Date of Award
Master of Arts in Marine Affairs
In the years since the end of the Second World War, no aspect of merchant shipping has created greater controversy than the phenomenal growth of the merchant fleet of the Soviet Union. Starting in 1945 with a makeshift fleet that was a motley collection of obsolete vessels, ships received as reparations from the defeated Axis nations and Lend-Lease Liberty ships, the Soviets have fashioned a modern, efficient merchant marine that is currently second in the world in numbers of ships and sixth in deadweight tonnage. Employed as a powerful instrument of the Soviet state, this fleet now competes effectively with Western shipping lines throughout every corner of the globe. This paper will examine the remarkable rise of the Soviet merchant marine with particular emphasis on the objectives of this growth. For ease of discussion, political, economic and military objectives will be evaluated separately, although, in reality, these aims are often closely intertwined and dependent on each other. This analysis will reveal why the Soviet Union, once regarded strictly as a continental power, is now a maritime superpower and, given her economic development plans, will become even more dependent on her merchant fleet in the future.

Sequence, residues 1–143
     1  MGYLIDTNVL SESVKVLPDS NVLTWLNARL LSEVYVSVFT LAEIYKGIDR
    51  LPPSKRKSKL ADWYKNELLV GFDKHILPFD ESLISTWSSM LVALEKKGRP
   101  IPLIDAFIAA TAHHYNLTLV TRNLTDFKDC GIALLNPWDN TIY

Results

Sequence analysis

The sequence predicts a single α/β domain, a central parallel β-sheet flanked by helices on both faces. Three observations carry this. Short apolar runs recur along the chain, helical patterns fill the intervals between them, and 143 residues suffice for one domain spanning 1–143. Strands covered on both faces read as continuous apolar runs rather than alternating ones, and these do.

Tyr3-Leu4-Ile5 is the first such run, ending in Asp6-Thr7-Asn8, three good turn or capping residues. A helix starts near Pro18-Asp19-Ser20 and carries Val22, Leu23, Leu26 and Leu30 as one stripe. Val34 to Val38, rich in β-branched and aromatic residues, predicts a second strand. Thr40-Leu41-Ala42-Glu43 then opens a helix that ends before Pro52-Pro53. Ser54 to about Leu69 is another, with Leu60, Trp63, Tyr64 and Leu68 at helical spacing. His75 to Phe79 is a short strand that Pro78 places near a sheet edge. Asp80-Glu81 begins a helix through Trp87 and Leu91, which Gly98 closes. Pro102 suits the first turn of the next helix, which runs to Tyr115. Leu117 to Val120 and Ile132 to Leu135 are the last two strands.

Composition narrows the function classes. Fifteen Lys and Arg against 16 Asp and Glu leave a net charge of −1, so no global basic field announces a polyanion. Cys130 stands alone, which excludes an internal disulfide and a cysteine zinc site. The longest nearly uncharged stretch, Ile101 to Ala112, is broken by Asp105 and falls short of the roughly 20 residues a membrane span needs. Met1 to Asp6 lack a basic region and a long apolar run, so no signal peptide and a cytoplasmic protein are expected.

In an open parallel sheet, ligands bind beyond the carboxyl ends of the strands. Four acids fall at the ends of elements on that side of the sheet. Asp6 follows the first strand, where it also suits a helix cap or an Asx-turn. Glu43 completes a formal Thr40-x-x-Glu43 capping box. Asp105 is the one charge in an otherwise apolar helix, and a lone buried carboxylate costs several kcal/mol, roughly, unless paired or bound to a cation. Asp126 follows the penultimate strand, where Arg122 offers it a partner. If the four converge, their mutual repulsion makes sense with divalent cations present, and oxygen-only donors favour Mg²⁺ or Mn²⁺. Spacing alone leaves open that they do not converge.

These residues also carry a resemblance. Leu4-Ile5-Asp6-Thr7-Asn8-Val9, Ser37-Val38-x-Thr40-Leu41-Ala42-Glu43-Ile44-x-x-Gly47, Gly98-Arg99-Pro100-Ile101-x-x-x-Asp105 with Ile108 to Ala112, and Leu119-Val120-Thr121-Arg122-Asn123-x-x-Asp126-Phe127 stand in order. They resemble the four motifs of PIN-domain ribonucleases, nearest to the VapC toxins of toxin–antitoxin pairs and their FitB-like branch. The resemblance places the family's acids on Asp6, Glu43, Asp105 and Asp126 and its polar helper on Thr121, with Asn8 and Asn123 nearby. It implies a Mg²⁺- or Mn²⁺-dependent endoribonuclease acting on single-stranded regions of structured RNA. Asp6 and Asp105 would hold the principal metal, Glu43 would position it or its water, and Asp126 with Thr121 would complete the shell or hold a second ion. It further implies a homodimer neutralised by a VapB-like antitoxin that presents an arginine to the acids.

Sharp, James T., "Objectives of the Soviet Merchant Marine" (1987). Theses and Major Papers. Paper 291.